We've been descending deeper and deeper into the darkest part of the year, waking to a sky without a hint of dawn and watching the day end by mid-afternoon. Late fall in the Northwest feels like an endurance test to those of us who need sunlight, and November seems to crawl along like the driver in front of you when you're late to work.
Somehow I got distracted by work and the holidays this year and didn't keep my annual vigil at the calendar, counting down the days until today. Today and tomorrow we'll have 8 hours, 25 minutes and 23 seconds of daylight -- the shortest days of the year -- and this afternoon's lemony sunshine casting knobbly tree branch shadows against the house next door reflects the relief I feel at our climb out of the hole, no matter how long it's going to take. By Dec. 25, we'll have gained 34 seconds. By Dec. 27, a minute and 25 seconds.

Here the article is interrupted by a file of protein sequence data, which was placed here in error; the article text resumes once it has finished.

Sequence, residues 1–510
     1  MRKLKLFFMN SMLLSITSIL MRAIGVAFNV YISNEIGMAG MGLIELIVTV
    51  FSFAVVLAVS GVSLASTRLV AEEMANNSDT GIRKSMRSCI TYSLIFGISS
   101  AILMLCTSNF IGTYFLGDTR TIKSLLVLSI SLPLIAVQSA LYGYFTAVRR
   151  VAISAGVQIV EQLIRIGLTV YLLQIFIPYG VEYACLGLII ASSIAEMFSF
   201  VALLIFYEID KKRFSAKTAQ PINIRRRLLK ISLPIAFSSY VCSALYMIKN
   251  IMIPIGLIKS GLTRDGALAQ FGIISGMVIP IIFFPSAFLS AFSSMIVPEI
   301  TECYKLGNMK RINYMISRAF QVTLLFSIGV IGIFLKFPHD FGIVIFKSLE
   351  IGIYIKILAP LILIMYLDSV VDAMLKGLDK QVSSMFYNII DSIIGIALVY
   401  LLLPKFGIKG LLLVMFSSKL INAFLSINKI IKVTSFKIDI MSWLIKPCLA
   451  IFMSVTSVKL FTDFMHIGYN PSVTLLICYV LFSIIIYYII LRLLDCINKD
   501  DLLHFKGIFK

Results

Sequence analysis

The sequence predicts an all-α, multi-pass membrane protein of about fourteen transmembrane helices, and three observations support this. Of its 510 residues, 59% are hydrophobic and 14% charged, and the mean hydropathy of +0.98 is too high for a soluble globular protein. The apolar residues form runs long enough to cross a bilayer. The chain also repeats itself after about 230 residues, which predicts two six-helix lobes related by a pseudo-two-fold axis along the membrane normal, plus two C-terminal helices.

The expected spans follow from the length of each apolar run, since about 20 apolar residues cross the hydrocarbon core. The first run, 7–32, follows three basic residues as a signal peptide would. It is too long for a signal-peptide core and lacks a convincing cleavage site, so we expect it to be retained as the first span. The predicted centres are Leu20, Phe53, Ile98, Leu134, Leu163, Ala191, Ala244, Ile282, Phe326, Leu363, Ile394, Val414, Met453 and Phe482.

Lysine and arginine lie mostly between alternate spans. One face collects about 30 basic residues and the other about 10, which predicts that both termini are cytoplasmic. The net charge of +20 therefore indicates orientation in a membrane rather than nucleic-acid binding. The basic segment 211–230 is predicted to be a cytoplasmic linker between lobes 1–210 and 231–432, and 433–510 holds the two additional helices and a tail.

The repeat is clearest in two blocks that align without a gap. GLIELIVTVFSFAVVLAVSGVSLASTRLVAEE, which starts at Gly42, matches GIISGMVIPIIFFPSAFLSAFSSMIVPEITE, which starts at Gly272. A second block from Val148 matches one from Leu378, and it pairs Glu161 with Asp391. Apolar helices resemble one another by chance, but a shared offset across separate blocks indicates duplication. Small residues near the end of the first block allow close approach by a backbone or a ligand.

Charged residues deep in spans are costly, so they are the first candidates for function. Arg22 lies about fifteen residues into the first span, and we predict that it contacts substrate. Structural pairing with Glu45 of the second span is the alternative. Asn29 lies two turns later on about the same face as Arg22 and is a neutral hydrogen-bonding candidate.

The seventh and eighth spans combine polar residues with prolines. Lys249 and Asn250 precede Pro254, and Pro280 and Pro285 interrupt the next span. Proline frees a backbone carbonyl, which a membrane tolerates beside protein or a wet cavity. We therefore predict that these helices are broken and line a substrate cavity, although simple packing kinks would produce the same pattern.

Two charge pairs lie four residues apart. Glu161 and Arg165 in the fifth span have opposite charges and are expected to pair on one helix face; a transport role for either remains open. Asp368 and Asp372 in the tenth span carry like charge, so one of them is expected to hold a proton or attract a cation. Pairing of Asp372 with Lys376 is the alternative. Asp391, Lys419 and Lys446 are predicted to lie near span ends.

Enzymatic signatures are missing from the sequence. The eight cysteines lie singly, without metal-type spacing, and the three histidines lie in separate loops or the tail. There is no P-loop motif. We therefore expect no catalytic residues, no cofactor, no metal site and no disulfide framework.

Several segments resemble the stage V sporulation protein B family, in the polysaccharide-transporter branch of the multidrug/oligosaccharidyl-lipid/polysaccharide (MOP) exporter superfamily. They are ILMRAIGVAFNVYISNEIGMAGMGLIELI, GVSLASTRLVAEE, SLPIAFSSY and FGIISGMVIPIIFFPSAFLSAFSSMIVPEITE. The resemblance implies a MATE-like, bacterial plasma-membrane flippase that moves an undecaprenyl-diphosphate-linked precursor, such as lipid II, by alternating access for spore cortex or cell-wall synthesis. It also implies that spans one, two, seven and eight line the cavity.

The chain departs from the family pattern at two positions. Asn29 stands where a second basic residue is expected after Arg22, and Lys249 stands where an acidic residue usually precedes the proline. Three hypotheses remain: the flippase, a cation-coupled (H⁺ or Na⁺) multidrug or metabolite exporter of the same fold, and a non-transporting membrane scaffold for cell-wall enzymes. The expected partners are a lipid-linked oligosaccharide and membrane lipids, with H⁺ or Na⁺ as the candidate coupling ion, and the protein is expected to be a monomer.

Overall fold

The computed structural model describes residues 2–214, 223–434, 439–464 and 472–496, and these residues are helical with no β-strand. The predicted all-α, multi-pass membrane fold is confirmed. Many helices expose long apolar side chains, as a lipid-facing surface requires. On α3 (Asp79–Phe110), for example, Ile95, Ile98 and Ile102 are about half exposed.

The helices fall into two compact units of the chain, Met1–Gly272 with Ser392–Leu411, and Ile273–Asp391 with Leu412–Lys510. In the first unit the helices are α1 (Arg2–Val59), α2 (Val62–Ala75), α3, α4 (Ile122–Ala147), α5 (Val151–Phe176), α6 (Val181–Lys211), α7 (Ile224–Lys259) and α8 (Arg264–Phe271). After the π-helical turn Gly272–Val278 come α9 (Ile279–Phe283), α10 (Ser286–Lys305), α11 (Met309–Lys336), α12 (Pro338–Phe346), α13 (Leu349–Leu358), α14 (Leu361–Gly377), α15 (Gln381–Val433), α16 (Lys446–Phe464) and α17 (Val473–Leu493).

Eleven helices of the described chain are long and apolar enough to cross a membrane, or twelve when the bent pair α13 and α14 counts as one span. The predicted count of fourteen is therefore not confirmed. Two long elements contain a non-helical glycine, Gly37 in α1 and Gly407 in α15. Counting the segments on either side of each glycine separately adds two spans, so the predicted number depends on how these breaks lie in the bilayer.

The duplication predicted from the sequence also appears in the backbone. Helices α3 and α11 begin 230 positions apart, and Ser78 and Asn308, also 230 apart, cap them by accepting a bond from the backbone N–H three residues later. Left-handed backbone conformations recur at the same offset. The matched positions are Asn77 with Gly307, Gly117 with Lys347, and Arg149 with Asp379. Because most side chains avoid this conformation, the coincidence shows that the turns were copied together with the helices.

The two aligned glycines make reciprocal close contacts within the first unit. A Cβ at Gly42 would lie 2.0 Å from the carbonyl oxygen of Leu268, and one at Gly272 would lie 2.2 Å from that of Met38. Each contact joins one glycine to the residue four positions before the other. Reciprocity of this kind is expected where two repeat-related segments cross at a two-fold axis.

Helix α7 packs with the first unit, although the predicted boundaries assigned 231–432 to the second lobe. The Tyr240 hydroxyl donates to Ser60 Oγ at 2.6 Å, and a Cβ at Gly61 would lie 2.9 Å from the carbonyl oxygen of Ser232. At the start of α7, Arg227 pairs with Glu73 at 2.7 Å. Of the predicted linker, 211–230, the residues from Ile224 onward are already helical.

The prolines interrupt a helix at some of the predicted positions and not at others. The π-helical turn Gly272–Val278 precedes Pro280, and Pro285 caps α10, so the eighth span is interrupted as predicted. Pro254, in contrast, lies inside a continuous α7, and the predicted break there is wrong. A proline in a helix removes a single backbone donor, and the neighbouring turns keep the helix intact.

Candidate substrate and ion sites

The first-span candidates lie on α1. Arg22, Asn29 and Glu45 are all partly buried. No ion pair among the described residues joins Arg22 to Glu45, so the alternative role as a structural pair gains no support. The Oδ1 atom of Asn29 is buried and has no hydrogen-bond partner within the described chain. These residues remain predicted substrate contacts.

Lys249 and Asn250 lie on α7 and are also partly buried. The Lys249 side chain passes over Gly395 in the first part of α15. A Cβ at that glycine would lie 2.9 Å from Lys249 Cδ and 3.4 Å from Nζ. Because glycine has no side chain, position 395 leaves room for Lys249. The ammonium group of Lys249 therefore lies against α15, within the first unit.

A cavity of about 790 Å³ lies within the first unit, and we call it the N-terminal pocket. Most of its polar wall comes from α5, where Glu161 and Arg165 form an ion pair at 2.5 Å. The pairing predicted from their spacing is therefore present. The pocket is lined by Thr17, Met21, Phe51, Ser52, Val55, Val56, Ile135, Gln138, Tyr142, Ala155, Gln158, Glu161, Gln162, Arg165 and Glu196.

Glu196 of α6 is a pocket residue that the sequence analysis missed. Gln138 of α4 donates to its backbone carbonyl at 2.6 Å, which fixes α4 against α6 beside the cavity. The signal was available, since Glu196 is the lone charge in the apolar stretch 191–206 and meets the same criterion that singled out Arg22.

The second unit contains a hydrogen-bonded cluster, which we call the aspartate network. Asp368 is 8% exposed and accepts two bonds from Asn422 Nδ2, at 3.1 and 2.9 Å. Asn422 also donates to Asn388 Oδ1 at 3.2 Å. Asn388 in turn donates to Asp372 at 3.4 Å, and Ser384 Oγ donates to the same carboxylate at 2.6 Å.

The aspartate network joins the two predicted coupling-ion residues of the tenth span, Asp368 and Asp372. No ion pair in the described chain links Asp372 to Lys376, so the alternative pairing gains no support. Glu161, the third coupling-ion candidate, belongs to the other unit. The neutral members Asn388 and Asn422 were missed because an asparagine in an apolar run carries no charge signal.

Slow going, but a satisfaction.
It's going to be perfect evening to watch the sun go down on the shortest day on the calendar, something we don't always get to do. Bundle up the kids, and head for Puget Sound -- it's quiet, it's cheap, and it's easy -- and reflect on the coming winter.
And then remember that winter's coming, but we have longer days ahead.
Watch the sun set at 4:20 p.m. at Solstice Park in West Seattle, Wednesday, Dec. 21.
Take a luminary-lit walk along the Snohomish River Trail on Thursday, Dec. 22.